dual tree 'N-Body' Problems in Statistical Learning
Alexander G. Gray and Andrew W. Moore
Neural Information Processing Systems (NIPS) 2000, appeared 2001

We identify a type of common computational problem, which we call (informally) generalized N-body problems, and a generic algorithmic approach based on using two or more space-partitioning trees, which can be encapsulated as dual-tree or multi-tree methods. This introduced the ideas of N-body methods of computational physics to the machine learning community. Results include the first efficient algorithm for exact all-nearest-neighbors (beyond repeated runs of a single-query algorithm) and the first efficient algorithm for exact n-point correlation functions, which was in turn the first efficient algorithm for any problem involving more than pairwise comparisons. [pdf]

Abstract: We present efficient algorithms for all-point-pairs problems, or 'N-body'-like problems, which are ubiquitous in statistical learning. We focus on six examples, including nearest-neighbor classification, kernel density estimation, outlier detection, and the two-point correlation. These include any problem which abstractly requires a comparison of each of the N points in a dataset with each other point and would naively be solved using N^2 distance computations. In practice N is often large enough to make this infeasible. We present a suite of new geometric techniques which are applicable in principle to any 'N-body' computation including large-scale mixtures of Gaussians, RBF neural networks, and HMM's. Our algorithms exhibit favorable asymptotic scaling and are empirically several orders of magnitude faster than the naive computation, even for small datasets. We are aware of no exact algorithms for these problems which are more efficient either empirically or theoretically. In addition, our framework yields simple and elegant algorithms. It also permits two important generalizations beyond the standard all-point-pairs problems, which are more difficult. These are represented by our final examples, the multiple two-point correlation and the notorious n-point correlation.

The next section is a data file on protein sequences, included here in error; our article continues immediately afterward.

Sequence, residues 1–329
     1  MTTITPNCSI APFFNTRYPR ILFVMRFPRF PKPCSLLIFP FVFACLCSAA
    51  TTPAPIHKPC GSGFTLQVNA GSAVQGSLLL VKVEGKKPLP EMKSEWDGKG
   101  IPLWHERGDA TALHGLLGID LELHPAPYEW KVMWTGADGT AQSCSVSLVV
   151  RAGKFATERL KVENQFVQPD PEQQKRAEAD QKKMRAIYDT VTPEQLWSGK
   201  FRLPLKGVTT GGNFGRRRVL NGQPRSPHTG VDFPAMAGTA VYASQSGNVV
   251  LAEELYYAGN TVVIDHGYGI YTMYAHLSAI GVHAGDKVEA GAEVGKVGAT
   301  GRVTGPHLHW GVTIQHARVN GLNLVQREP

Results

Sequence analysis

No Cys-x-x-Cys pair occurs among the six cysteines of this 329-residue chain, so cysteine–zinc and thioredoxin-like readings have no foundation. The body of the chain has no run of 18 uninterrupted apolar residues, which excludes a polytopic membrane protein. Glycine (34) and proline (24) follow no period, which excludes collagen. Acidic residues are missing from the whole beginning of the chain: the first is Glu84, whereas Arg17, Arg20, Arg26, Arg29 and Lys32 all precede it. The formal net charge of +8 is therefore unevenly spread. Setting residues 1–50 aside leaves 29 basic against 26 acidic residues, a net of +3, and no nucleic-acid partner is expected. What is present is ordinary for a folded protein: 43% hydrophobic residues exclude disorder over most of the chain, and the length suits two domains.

@Inproceedings{gray2001nbody, author = "Alexander G. Gray and Andrew W. Moore", Title = "{$N$-Body Problems in Statistical Learning}", booktitle = "Advances in Neural Information Processing Systems (NIPS) 13 (Dec 2000)", Year = "2001", editor = {Leen, Todd K. and Dietterich, Thomas G. and Tresp, Volker}, publisher = {MIT Press} }